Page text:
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How to Choose Hardwood for Your Next Project: A Comparison of our Hardwood Panels

Here we are going to compare all of our hardwood products, as a guide which can be used when choosing the correct product for your next project. We hope you learn more about the products we supply and how they are best used.



Red Oak


Durability -

Red Oak is generally a stable material. It stains, finishes and machines easily. The end grain can show growth rings, which have open pores. The reason the panels stain and colour well, is due to the porosity. This does also mean that water can penetrate the panels, resulting in the panels being classified as 'slightly durable'.


Appearance -

Red Oak has a straight grain and a course texture, with a light to red brown colour.


Best uses -

Due to the porous nature red oak can have, they are best for interior use only. They are commonly and best used for furniture and flooring.



Sapele


Durability -

Sapele is a durable hardwood. These panels work well with machining, stain and polish well. The panels are rot and decay resistant. Due to the strength of the panels, they do not tend to cup or warp.


Appearance -

It has a close textured, interlocked grain pattern. They are reddish-brown in colour. Sapele is commonly known for the stripe in the panels.


Best uses -

Furniture and Joinery.



Black Walnut


Durability -

Black Walnut panels are very durable, decay resistant, and have good strength and stability. It works well with machine tools, glues well, and is excellent for polishing.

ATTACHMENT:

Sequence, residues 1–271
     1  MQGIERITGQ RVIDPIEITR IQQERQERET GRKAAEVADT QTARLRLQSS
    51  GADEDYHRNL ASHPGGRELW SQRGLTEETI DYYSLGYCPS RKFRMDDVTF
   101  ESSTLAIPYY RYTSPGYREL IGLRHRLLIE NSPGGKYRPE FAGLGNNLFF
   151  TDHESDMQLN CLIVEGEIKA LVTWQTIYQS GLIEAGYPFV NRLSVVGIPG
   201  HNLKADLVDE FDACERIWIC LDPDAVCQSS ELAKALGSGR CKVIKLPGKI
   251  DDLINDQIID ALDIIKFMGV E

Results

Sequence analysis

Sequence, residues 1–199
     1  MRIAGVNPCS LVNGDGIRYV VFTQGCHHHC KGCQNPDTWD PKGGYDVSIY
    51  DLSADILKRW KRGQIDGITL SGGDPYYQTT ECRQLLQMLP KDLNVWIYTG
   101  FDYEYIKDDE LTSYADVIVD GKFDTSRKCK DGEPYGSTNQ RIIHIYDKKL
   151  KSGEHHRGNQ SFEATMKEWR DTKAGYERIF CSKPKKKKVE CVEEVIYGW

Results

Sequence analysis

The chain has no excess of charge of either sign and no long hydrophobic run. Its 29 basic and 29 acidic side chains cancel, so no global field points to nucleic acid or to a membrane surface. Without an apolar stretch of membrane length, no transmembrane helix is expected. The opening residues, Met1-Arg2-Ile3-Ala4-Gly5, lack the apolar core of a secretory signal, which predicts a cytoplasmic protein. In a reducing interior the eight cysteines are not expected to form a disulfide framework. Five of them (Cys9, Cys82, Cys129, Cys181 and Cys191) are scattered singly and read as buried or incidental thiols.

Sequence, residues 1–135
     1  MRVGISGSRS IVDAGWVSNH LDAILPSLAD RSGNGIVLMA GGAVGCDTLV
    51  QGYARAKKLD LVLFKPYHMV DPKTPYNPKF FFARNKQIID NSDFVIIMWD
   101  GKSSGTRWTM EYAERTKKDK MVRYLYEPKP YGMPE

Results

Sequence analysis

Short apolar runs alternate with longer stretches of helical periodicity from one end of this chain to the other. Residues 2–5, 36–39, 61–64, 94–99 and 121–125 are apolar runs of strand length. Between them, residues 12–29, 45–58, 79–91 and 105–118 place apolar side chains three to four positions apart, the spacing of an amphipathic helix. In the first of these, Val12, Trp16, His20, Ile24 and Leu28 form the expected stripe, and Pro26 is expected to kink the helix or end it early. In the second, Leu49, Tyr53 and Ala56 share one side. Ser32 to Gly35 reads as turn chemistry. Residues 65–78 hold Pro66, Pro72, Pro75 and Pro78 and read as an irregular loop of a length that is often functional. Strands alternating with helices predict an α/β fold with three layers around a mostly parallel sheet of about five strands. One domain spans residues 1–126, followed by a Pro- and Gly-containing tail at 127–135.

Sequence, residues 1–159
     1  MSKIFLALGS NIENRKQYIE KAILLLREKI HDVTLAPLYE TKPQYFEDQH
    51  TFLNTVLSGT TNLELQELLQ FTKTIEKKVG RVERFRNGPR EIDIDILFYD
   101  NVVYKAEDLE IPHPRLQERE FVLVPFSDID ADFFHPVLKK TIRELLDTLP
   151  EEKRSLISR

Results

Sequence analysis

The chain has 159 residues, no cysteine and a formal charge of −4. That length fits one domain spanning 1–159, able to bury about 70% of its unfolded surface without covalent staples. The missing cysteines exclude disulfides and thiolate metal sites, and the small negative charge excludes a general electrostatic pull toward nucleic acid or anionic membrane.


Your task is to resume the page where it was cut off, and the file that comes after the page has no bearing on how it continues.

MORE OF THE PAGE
Appearance -

Black Walnut panels are usually chocolate brown in colour. They have a beautiful finish, grain pattern, and colour. They generally have an even texture and a course grain.


Best uses -

Furniture, Cabinets, Tabletops, Shelving.



American White Oak


Durability -

American White Oak is very durable, it has a higher density than European White Oak and so provides higher strength. It is a hard and heavy wood. It glues and polish well, with excellent steam bending properties. These panels stain well, taking to a variety of colours.


Appearance -

The colour is pale yellow-brown to reddish-brown, with a slight pink tint. It has a generally straight grain, with a fairly course texture. These panels have a prominent grain pattern and consistent colour.


Best uses -

Furniture, Joinery, Shopfitting, Window Boards, Tables.



European White Oak


Durability -

European White Oak is a durable material, due to the high tannin content. These panels finish well, and are resistant to wear and tear.


Appearance -

They are yellowish brown, with a more distinctive wavy grain pattern than American White Oak. These panels have a richer complexion when compared with American White Oak, although both have very similar appearances.


Best uses -

Cladding, Flooring, Furniture, Joinery.




European Ash


Durability -

European Ash is similar to oak but tougher and more resistant to splitting. It stains, machines, and polishes well; it also has a fairly smooth finish. It has a medium course texture.


Appearance -

These panels have a light to medium colour. They are very similar to oak, but lighter in colour. The grain pattern is mostly straight and consistent.


Best uses -

Flooring, Furniture, Interior Joinery Projects.




Engineered Oak


An engineered oak panel
Engineered Oak

Durability -

Engineered Oak is made from layers of oak glued together, topped with solid oak. The construction of these panels makes them more durable and resistant to environmental factors, including warping.


Appearance -

Engineered Oak panels generally have a light brown colour, with a distinctive grain pattern. They have a similar appearance to solid oak, just with enhanced durability and stability.


Best uses -

Flooring, Furniture, Cabinetry.



Conclusion

We hope this guide has provided some further insight into our hardwood panels, and helped in choosing between which would be best suited for your next project.


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